As the midterm elections near, many Americans do not have financial peace of mind.
It’s two weeks until the Nov. 8 midterm elections. The chances of the Republican Party taking back the House of Representatives and the Senate appear to be strengthening. Recession worries continue to cloud the horizon as the Federal Reserve raises interest rates to combat four-decade high inflation.
Now, two new polls reinforce the glum economic mood. In one, MarketWatch asked Twitter
followers which financial issue was on the top of their mind heading into the polls. The clear winner was “recession fear.” Amassing nearly 48% of the 801 votes, it easily beat other choices geared at taxes and rising costs.
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Of course, MarketWatch followers and readers are likely very aware of the stock market’s volatile downward trajectory this year, along with the bearish calls from economists and investing experts.
Still, that does not bode well for Democrats in the midterm elections. Republicans are scoring 47.9% support in a RealClearPolitics average of generic ballots as of last Thursday, the highest level in about four months, with Democrats behind by 3 percentage points at 44.9%.
“Two new polls reinforce the glum economic mood. They are unlikely to bode well for Democrats in the midterm elections.”
New findings from Gallup pollsters also released Tuesday asked whether today’s young people will have better living standards and better education than their parents. This year, only 42% of people said that was “very,” or “somewhat likely,” down from 60% in 2019.
Since the mid-1990s, Gallup’s public-opinion researchers have been asking Americans this question. Gallup said the latest findings have not been this low since 2011, when Americans were still recovering from the Great Recession. The high point was the 71% achieved in 1999 and 2001, Gallup said.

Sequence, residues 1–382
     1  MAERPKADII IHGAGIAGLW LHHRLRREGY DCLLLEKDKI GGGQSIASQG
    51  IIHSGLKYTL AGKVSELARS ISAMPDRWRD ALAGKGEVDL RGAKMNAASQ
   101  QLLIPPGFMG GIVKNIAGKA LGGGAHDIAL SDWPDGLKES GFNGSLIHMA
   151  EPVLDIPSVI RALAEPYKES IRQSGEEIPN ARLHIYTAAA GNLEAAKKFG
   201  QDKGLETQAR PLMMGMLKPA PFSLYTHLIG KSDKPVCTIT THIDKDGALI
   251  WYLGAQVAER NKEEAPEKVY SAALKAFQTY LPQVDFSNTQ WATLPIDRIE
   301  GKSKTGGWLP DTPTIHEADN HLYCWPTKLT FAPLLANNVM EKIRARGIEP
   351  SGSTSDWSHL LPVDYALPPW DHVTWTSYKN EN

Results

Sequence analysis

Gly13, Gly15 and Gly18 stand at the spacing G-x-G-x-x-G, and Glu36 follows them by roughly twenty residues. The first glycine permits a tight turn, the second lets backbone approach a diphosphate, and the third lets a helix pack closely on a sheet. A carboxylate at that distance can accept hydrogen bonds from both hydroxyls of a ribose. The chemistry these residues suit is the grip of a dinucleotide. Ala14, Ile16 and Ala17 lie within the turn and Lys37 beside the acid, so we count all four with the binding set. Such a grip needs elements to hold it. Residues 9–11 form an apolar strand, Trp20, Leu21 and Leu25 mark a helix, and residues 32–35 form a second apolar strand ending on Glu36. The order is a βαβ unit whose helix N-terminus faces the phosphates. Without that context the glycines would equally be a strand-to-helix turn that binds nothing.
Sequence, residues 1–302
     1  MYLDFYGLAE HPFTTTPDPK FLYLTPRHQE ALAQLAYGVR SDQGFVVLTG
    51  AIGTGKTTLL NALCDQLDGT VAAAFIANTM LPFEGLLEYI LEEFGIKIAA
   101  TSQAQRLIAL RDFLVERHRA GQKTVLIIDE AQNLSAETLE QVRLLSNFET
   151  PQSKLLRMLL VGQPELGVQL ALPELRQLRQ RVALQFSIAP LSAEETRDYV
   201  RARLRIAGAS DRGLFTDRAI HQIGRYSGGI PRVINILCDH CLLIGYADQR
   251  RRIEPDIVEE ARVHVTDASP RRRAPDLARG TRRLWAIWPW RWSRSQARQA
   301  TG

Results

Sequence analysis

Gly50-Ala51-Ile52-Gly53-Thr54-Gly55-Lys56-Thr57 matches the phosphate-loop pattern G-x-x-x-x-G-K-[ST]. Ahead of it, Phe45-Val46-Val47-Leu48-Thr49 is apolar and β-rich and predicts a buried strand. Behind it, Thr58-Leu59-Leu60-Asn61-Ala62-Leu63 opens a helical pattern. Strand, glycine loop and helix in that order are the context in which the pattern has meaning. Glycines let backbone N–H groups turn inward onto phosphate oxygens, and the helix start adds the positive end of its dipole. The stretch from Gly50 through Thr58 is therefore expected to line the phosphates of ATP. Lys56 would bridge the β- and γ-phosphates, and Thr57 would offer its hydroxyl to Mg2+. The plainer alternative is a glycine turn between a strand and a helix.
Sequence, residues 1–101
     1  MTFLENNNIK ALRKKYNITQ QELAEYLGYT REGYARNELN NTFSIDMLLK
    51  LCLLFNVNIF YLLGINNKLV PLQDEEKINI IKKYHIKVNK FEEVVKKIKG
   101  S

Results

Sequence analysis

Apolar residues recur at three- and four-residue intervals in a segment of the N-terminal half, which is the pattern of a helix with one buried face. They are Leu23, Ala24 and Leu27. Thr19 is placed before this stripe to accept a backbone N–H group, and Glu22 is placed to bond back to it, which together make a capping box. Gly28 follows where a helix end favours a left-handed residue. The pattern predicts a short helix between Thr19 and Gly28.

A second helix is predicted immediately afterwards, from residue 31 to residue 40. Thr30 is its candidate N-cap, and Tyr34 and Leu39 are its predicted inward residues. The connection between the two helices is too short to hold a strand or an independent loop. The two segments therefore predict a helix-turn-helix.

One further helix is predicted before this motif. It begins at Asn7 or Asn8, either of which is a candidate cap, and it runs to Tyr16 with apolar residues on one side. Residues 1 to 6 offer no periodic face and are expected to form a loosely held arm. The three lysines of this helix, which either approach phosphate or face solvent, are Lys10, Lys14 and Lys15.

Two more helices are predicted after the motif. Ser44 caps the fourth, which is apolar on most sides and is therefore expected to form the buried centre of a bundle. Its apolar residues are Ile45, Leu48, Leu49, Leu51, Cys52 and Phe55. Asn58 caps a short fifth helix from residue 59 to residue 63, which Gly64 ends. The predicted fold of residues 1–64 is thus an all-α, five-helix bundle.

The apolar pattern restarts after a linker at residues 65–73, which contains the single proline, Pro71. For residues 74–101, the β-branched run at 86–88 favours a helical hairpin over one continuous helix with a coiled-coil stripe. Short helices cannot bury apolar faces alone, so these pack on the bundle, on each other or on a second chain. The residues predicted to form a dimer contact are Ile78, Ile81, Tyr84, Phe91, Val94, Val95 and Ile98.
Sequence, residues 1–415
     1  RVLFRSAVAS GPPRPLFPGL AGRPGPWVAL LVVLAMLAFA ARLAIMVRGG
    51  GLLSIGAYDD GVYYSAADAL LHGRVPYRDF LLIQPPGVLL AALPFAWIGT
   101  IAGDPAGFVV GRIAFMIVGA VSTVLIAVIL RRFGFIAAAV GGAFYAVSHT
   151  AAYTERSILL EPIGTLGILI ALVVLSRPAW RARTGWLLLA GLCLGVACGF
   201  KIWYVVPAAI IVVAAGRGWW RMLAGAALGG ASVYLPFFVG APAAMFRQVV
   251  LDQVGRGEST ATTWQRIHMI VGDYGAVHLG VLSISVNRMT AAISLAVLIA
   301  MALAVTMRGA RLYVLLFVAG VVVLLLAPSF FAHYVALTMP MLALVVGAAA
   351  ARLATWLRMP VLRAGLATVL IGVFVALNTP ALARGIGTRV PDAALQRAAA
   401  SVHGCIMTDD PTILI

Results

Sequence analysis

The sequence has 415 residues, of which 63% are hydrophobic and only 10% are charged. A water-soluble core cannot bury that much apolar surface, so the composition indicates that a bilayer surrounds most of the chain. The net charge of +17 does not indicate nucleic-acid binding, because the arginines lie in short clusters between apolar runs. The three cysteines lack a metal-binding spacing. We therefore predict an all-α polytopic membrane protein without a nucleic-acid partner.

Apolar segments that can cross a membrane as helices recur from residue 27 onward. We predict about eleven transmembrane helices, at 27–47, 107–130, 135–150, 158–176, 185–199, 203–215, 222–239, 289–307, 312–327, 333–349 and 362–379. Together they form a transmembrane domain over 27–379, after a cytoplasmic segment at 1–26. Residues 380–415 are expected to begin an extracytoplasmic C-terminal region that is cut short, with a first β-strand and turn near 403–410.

Republicans were markedly more pessimistic about the future, while the number of Democrats seeing a better future stayed flat from 2019 to 2022.
In one curious finding, more than half (52%) of people making less than $40,000 a year said they were optimistic that things would be financially better for future generations compared to just 39% of people earning over $100,000, Gallup said.
Gallup’s polling does not offer reasons for the discrepancies. But one clue might be wage growth: For more than a year, average wages in the bottom two quartiles of the income ladder have been growing faster than wages in the top two quartiles, according to data from the Federal Reserve Bank of Atlanta.
Preparing for whatever is next
Economists, meanwhile, debate when a downturn will arrive and, if it does, how severe it will be. Goldman Sachs GS economists are putting recession probabilities at 35%, while 98% of CEOs say they are bracing for a recession in the coming 12 to 18 months, according to the Conference Board.
Amid this apparent gloom and uncertainty, experts note ways for people to shore up their finances.
Minimize high interest debts like credit card bills: As the Fed keeps raising interest rates, the closely-connected annual percentage rates (APRs) on credit cards rise too. This makes it more expensive to carry balances every month and the extra interest can gnaw at wallets. Average APRs on new card offers are now 18.68% up from 17.25% three months ago, according to Bankrate.com.
Finding a way to pay off more or all of high-interest debts like a credit card is critical, experts say. “Debt, especially high-interest-rate debt, becomes an even bigger issue when times get tough,” Bruce McClary, a spokesman person for the National Foundation for Credit Counseling, a nonprofit organization, told MarketWatch.
“ Attempting to spend less, pay off debts and save more is difficult with the cost of living rising, and the holidays approaching. ”
Spending and saving tactics: Attempting to spend less, pay off debts and save more is undoubtedly difficult when everything costs so much — and the holidays are nearing. (The fourth quarter is typically when Americans’ credit card debt cycles typically balloon to their highest point during the year, New York Fed data shows. )
Start by writing out all the income, expenses and debts (plus the interest rate), according to financial counselor Susan Greenhalgh, president of Rhode Island-based Mind Your Money, LLC.
Online savings accounts are now producing an average 2.11% annual percentage yield (APY) up from 1.8% last month, according to DepositAccounts.com.
Social Security payments are going to become more generous next year because of an 8.7% cost-of-living adjustment upwards. That could be an average extra $140 more monthly starting in January, according to estimates.
Income ranges on tax brackets are jumping 7%, and the payout on the widely-used standard deduction is also increasing by 7%, the Internal Revenue Service said this month.
If taxpayers earn approximately the same amount in 2022 and 2023, they could have a slightly lower tax bill in 2023 because more of their income is getting taxed at a lower rate in 2023.